The dominant paradigm for inference in psychology is a null-hypothesis significance testing one. Recently, the foundations of this paradigm have been shaken by several notable replication failures. One recommendation to remedy the replication crisis is to collect larger samples of participants. We argue that this recommendation misses a critical point, which is that increasing sample size will not remedy psychology's lack of strong measurement, lack of strong theories and models, and lack of effective experimental control over error variance. In contrast, there is a long history of research in psychology employing small-N designs that treats the individual participant as the replication unit, which addresses each of these failings, and which produces results that are robust and readily replicated. We illustrate the properties of small-N and large-N designs using a simulated paradigm investigating the stage structure of response times. Our simulations highlight the high power and inferential validity of the small-N design, in contrast to the lower power and inferential indeterminacy of the large-N design. We argue that, if psychology is to be a mature quantitative science, then its primary theoretical aim should be to investigate systematic, functional relationships as they are manifested at the individual participant level and that, wherever possible, it should use methods that are optimized to identify relationships of this kind.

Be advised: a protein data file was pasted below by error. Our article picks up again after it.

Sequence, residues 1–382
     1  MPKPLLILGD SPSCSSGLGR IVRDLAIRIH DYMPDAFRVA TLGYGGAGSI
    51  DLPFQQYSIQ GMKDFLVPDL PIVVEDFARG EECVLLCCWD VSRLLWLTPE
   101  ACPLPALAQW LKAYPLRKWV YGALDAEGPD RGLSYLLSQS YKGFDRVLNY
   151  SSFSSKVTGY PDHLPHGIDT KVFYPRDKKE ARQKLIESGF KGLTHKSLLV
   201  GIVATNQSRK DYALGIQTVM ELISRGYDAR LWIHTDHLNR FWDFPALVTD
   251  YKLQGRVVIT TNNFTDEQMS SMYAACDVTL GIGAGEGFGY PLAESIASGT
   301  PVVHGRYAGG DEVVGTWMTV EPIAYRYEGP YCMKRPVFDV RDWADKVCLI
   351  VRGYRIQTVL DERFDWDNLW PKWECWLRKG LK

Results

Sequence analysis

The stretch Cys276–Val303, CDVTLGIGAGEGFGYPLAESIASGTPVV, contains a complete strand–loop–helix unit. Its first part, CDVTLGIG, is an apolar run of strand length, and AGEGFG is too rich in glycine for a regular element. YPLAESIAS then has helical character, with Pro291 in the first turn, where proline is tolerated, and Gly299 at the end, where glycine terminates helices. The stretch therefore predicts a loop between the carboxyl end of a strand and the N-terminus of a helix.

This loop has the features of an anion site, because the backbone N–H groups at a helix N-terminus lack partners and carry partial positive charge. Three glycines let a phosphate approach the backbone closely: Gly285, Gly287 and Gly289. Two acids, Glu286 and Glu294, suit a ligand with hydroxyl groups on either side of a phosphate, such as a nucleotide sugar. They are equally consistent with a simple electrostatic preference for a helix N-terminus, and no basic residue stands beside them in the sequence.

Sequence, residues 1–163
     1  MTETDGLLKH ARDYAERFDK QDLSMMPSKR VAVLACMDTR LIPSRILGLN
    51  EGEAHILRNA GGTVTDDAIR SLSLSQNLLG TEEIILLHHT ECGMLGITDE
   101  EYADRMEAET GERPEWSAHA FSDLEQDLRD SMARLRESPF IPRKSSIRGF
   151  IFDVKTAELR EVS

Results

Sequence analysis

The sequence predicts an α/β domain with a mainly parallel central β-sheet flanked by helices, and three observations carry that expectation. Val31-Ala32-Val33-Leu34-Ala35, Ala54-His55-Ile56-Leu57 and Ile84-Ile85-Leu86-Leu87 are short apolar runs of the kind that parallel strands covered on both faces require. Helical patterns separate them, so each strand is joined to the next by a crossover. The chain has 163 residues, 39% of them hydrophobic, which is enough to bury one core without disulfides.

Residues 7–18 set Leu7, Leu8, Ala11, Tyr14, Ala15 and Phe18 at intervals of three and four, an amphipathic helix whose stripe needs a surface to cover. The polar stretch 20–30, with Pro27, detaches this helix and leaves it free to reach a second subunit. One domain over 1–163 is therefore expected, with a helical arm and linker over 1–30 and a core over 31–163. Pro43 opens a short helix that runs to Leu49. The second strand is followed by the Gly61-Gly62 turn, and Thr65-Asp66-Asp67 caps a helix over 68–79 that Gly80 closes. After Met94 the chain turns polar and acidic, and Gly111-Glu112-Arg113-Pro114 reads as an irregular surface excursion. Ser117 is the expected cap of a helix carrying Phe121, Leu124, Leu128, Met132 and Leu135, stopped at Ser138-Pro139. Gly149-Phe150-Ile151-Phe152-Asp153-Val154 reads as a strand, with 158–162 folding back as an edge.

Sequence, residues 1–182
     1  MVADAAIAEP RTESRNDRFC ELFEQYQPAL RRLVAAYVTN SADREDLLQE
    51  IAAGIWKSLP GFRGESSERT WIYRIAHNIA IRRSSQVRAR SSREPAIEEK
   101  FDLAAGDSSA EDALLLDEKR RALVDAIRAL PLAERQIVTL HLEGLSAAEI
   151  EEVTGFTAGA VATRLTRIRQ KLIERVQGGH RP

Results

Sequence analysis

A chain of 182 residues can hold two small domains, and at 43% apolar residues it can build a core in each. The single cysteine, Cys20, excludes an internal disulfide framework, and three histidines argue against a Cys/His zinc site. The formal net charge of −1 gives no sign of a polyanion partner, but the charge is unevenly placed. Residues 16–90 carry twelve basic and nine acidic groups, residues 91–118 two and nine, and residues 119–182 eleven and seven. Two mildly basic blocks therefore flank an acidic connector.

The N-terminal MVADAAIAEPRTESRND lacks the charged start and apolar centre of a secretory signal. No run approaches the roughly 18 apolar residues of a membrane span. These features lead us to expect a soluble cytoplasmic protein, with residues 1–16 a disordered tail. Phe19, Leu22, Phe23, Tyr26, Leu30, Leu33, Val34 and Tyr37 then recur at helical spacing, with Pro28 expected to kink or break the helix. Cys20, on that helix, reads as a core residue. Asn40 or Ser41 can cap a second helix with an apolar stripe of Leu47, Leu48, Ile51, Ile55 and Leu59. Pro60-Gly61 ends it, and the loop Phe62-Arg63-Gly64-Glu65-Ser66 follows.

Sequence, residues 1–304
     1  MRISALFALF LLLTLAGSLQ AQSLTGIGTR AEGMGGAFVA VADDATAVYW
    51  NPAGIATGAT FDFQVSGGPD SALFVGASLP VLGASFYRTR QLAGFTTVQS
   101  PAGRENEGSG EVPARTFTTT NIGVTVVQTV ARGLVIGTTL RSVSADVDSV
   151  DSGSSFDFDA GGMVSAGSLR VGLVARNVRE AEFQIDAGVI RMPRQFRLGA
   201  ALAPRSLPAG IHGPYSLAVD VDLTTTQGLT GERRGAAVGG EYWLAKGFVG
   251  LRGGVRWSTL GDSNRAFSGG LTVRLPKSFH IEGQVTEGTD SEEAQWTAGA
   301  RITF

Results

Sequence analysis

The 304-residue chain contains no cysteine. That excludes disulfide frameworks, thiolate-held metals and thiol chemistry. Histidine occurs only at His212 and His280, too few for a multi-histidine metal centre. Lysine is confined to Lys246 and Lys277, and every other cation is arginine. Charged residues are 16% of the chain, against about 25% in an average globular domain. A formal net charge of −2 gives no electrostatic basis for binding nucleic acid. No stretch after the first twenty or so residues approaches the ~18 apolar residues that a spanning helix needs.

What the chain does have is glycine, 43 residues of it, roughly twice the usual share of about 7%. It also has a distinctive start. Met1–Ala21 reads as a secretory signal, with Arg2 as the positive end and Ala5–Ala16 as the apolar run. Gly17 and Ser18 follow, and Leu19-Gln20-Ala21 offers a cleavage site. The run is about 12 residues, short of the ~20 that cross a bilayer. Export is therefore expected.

Keywords: Inference; Mathematical psychology; Methodology; Replication.